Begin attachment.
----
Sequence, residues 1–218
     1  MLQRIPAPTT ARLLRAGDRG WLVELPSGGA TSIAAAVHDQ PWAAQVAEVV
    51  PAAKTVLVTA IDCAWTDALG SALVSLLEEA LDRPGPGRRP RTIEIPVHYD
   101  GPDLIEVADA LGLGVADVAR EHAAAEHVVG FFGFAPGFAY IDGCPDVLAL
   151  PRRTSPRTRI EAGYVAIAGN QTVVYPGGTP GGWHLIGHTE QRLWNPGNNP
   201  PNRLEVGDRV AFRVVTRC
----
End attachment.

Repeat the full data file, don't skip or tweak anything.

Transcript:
Sequence, residues 1–218
     1  MLQRIPAPTT ARLLRAGDRG WLVELPSGGA TSIAAAVHDQ PWAAQVAEVV
    51  PAAKTVLVTA IDCAWTDALG SALVSLLEEA LDRPGPGRRP RTIEIPVHYD
   101  GPDLIEVADA LGLGVADVAR EHAAAEHVVG FFGFAPGFAY IDGCPDVLAL
   151  PRRTSPRTRI EAGYVAIAGN QTVVYPGGTP GGWHLIGHTE QRLWNPGNNP
   201  PNRLEVGDRV AFRVVTRC